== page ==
"If you live on planet Earth, then you've probably used our software." Big bold words from German data-centric software firm Software AG.

German ‘softwarehaus’ Software AG is working to refine its Internet of Things (IoT) approach with an extensive set of ‘streaming analytics’ technologies, but how does so-called ‘actionable intelligence’ really play out in the real world of smart connected devices and how should we regard the real nature of IoT data?

A strategy for the unknown

US defense secretary under George Bush and established businessman in his own right Donald Rumsfeld once said, “There are known knowns. These are things we know that we know. There are known unknowns. That is to say, there are things that we know we don’t know. But there are also unknown unknowns. There are things we don’t know we don’t know.”

As tautological as Rumsfeld’s quote sounds, he touched on an important reality i.e. the unknown and our need to define, measure, quantify, consume and manage it, even if we don’t know what it actually is.

Software AG CEO Karl-Heinz Streibich: no single vendor can provide the IoT on an end-to-end basis.

Software AG CEO Karl-Heinz Streibich likes to talk about the unknown element in data centric businesses (especially those working to grapple the IoT) because, he says, enterprises are facing change due to consumer/customer centric issues.

A market of one

One of the major challenges facing firms is that they will need to communicate with customers via multiple channels, yet get to a point where each individual feels that he or she is a ‘market of one’ i.e. a level of customization and personalization has been achieved where each customer feels like they are the only person being supplied with a product or service.

This is an especially big ask given the still-nascent nature of the IoT where products and services (and the data that they channel) are still in a state of flux and early-stage development.

Streibich insists that a key strategy will be involving customers in product design itself, in this way we will be able to mould the IoT to the shape of consumer demand — with some customers logically consuming that data in enterprise environments as well.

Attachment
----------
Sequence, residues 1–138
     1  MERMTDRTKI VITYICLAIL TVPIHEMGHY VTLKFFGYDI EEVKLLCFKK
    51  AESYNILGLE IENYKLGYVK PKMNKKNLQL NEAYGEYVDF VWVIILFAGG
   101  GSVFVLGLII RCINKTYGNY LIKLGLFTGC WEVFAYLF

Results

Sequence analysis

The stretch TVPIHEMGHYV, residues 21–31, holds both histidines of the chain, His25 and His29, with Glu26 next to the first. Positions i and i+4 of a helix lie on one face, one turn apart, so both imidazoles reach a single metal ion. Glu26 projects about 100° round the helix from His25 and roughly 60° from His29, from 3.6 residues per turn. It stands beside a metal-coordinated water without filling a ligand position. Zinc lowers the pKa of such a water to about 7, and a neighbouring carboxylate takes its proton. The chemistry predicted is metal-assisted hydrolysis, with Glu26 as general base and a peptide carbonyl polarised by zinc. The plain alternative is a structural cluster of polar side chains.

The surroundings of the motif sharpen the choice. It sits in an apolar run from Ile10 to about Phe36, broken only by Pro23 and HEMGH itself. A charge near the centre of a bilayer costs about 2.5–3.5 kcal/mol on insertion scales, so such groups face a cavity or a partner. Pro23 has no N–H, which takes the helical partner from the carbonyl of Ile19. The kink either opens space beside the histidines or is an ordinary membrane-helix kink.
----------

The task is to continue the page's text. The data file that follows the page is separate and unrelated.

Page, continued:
“It is great news for the enterprise too – the industrial Internet (or Industrie 4.0) and the Internet of Things will have a much bigger impact on digitalizing the world than the social or consumer phase ever had. The business opportunities will be correspondingly large. We are still in the early stages of the IoT and the who, the what, the how and the why of the industrial Internet are all wide-open issues,” Streibich told Internet of Business, at a briefing held this week in the Italian capital Rome.

Greatest integration program, ever

For his money, Streibich insists that the industrial Internet is the greatest integration program that man (or indeed woman, or gender neutral person) has ever seen.

“For the enterprise and for government services, coping with the uncertainty of new data streams and the IoT means having your IT and business departments use common tools, speaking a common language and co-developing new applications as rapidly as the market demands,” said Streibich.

Reißen Sie das Regelbuch auf

Streibich has gone to pains to explain how his firm has ‘ripped up the rule book’ (Reißen Sie das Regelbuch auf) and worked hard to re-invent itself internally as a new digital business capable of working in the connected IoT industry 4.0 economy. Indeed, back in 2015 the firm partnered with Indian software integrator and consulting outfit Wipro to develop IoT software for smart, connected products.

We also know that Software AG has formed a strategic partnership with Bosch, also for IoT technology advancement. But the question is… how and why is it harder to architect data and software in the world of the IoT, unknown or otherwise?

Programmatically speaking from a software development point of view (but still in plain English, for you, dear reader) what this is all about is creating software worlds that have been specifically engineered and architected to continuously analyze data that comes in streams (as you would imagine from an always on always connected IoT device) in order to try and allow us to make intelligent decisions in very short timeframes.

The role and goal of IoT software

Ultimately, the role and goal of IoT software and its consumption and analysis of data is to be able to intelligently evolve system behavior to navigate around threats to system or device health (and so feed a higher level data engine) in real-time. Onward from this point, that higher level data engine will allow us to use IoT data to control the rest of the world with more connected analytics (again in real time) on a constant basis.

For more commentary emanating from Software AG’s Rome event read here.

The breadth of the IoT landscape according to Software AG